2005 Toyota Tundra Problems

RepairPal has identified the most common problems with the 2005 Toyota Tundra as reported by actual vehicle owners. We'll tell you what the problem is and what it'll take to fix it.

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7
Known Problems

One or more oxygen sensors may fail resulting in illumination of the Check Engine Light.

The V8 models can experience exhaust manifold failures. A leaking exhaust manifold will sound like an exhaust leak or an audible ticking noise from the engine compartment and will be especially pronounced when the engine is still cold.

Toyota issued a recall on the lower ball joint due to the possibility of premature wear from improper finishing in production. The ball joints will be replaced under the recall. There are two separate recalls combined here, one applies to 2002-2004 and the second to 2004-2006 Models.  Please contact you local Toyota dealer to see if your vehicle is included.

Drivers may hear a loud noise, much like a vacuum cleaner, coming from their engine on cold starts. This affects the 2005-2009 Toyota Tundra iForce V8 models.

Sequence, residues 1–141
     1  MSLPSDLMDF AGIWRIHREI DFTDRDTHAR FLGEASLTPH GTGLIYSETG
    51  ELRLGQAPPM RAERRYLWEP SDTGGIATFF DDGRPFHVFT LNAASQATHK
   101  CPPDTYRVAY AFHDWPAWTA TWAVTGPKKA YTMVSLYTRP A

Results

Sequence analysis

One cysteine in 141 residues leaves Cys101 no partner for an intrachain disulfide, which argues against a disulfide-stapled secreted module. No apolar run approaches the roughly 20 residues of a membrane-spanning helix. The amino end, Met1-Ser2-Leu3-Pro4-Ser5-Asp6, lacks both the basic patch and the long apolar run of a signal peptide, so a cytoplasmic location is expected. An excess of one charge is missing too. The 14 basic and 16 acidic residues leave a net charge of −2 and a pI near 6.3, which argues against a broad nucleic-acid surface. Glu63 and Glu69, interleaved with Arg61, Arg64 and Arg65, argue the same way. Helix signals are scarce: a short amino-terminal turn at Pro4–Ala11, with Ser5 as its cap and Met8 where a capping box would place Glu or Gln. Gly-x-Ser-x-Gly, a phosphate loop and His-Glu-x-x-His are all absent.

The noise is from the secondary air pump, which sends hot air to the catalytic converter when the engine is cold. This allows the catalytic converter to clean exhaust better, and lower emissions while the engine is warming up.

Pump failure may result in:

Fixing the issue involves removal of the intake manifold, and replacement of the secondary air pump.

The 2000-2006 Toyota Tundra with the automatic transmission may develop an issue which is commonly known as the "strawberry milkshake".

The name is based on the color and consistency of the fluid found in the coolant reservoir, transmission, and radiator.

The radiator on these models has an isolated portion for cooling automatic transmission fluid(ATF) that is pumped in and out by the transmission. This area of the radiator is known to rupture internally, and the following occurs:

  • Transmission overheating warning light
  • Transmission slipping (engine revs high and vehicle moves slowly)
  • Engine overheating
  • ATF and engine coolant mix in the radiator, engine, and transmission

Engine coolant in the transmission can cause severe damage, and if not caught immediately may require replacement or rebuild of the automatic transmission.

To correct the situation, the radiator must be replaced, and the engine cooling system must be flushed thoroughly. Also, the transmission will need to be professionally flushed, inspected, and possibly repaired or replaced.

To prevent this from occurring, proactive replacement of the radiator is necessary and recommended.